Corruption and financial misappropriation are addressed in 1376 & 1377R. Punishment is to be meted out to persons who “steal ecclesiastical goods” (1376:1R). Alienation of such goods was already covered under 1377N. Abuse of ecclesiastical power, office or function, even by acts of omission, are covered by 1378:1R. Culpable negligence is addressed in 1378:2R. So bishops are also brought to account. Canon 1393:2R has a similar provision.

A new provision that sets the cat among the pigeons is this; “Both a person who attempts to confer a sacred order on a woman, and the woman who attempts to receive the sacred order, incur latae sententiae ex-communication (automatic, without an opportunity to be heard) reserved to the Holy See” (1379:3).This is an insult to half the members of the church. It is an uncalled for retrograde provision.

We have heard umpteen arguments (based on ecclesiastical discipline, not on faith) against women’s ordination. I will here point out one of the most absurd ones, based on the teachings of St Thomas Aquinas, considered the father of systemic theology. I quote from the “Declaration on the question of the Admission of Women to the Ministerial Priesthood” by the Sacred Congregation for the Doctrine of the Faith on 3.2.1977.

“The Christian priesthood is of a sacramental nature … The whole sacramental economy is in fact based upon natural signs, on symbols imprinted upon the human psychology. Sacramental signs, says St Thomas, represent what they signify by natural resemblance. The same natural resemblance is required for persons as for things … there would not be this natural resemblance which must exist between Christ and his minister if the role of Christ were not taken by a man; in such a case it would be difficult to see in the minister the image of Christ. For Christ himself was and remains a man” (No 5).

This “natural resemblance” argument raises more questions that in answers. By this token priests should have long hair and beards, do rigorous manual work (like carpenters) begin and end their ministry riding on a donkey, not having a residence of their own (cf Mat 8:20) and not even a place to be buried in. How many popes, cardinals, bishops or priests bear a natural resemblance to Jesus, a circumcised Jew? As for symbols imprinted on the human psyche, were there symbols of women frontline warriors, fighter pilots or CEOs of MNCs earlier? Times change, circumstances change, the Church too must change with time, to stay relevant. I therefore find the insertion of Canon 1379:3R an insult to womanhood, an insult to Eve, an insult to Mother Mary and an unwarranted retrograde step by a male dominated church. Disappointing.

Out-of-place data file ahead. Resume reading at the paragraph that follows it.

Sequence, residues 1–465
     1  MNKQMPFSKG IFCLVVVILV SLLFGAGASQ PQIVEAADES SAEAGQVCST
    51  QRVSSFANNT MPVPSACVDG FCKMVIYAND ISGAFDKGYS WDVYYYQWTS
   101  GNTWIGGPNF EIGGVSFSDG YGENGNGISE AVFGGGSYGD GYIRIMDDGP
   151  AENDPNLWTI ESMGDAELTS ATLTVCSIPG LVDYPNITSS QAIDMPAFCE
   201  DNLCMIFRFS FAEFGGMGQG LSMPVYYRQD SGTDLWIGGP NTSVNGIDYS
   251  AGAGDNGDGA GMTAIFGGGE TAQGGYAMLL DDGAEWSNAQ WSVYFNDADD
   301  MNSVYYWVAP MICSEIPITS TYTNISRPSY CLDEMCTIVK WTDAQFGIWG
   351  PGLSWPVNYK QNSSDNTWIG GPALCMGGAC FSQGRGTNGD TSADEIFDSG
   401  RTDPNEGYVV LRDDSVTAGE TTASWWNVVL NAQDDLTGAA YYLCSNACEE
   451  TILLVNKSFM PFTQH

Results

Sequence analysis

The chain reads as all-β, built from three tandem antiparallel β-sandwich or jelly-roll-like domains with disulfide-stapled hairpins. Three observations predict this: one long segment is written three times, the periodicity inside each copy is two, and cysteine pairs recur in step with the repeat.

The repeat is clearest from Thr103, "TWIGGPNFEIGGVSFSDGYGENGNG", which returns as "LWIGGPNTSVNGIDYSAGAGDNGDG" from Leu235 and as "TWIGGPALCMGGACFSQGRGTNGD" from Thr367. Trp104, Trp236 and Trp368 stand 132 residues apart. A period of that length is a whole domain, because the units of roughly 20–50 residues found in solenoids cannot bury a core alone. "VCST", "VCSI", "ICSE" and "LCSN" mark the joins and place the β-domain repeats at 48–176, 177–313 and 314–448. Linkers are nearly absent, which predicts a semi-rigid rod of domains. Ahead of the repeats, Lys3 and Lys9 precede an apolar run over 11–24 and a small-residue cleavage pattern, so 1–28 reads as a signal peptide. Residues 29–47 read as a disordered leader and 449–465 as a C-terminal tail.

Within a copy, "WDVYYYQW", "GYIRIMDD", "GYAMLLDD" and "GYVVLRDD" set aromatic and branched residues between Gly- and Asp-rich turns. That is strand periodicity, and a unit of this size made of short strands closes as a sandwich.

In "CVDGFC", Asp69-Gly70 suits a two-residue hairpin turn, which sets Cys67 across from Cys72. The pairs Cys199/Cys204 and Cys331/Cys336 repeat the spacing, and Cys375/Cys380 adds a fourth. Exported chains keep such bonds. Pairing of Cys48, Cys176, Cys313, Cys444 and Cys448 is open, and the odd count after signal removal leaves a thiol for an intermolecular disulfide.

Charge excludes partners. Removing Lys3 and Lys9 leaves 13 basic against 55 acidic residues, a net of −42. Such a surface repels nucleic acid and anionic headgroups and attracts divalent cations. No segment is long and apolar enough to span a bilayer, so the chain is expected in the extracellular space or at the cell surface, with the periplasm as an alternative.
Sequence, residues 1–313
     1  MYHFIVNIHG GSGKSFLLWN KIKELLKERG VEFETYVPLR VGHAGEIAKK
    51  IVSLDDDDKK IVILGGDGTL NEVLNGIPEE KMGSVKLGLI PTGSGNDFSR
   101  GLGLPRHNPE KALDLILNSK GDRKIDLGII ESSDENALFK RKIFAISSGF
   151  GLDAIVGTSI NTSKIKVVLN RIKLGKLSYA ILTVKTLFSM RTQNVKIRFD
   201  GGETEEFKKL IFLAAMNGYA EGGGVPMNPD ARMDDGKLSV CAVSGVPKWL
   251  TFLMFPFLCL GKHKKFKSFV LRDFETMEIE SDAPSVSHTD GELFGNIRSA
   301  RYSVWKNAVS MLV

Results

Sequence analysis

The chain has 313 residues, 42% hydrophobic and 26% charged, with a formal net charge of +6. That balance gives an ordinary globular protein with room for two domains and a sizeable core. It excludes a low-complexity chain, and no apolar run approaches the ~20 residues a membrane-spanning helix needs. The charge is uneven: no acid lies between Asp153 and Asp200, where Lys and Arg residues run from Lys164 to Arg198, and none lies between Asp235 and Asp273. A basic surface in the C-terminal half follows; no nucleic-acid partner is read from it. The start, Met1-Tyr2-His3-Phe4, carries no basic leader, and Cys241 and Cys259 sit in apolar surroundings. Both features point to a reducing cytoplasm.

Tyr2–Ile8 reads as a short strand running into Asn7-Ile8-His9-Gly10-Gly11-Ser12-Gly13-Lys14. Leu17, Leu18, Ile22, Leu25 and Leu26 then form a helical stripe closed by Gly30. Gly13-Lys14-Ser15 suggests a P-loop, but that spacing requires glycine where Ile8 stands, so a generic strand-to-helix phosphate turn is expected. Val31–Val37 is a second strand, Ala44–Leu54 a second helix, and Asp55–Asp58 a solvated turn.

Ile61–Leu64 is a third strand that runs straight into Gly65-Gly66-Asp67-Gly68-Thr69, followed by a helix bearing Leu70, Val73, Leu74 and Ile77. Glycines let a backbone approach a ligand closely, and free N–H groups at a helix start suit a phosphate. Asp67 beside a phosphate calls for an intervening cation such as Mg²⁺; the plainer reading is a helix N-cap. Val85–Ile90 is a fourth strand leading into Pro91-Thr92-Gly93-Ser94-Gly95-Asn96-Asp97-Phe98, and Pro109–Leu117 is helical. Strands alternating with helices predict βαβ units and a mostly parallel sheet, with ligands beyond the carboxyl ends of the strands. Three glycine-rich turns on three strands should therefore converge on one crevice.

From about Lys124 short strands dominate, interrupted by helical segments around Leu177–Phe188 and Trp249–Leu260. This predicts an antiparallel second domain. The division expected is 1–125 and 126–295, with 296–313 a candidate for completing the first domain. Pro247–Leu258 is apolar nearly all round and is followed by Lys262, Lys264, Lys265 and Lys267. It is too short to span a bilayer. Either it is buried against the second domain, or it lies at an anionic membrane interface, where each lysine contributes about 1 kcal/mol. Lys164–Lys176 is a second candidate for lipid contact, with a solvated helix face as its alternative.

Canon 1380R condemns the practice of Simony; that of trading spiritual favours for money. This is named after Simon the magician who attracted followers with his wizardry in Samaria. “When Simon saw that the Spirit was given through the laying on of the apostles’ hands, he offered them money” (Acts 8:18). Peter, the other Simon’s rebuke is classic. “May your silver be lost forever, and you with it, for thinking that money could buy what God has given for nothing” (Acts 8:20). This begs the question. What about those popes who sold indulgences in the middle ages, something that was a bone of contention with Martin Luther, resulting in the Reformation and the establishment of Protestant churches? If we don’t learn the lessons of history we are doomed to repeat the same mistakes.

Canon 1392R provides for penal provisions for those who “unlawfully abandon the sacred ministry for six months continuously”. This is in consonance with the act of a malingerer in civil/ secular service, and to be welcomed.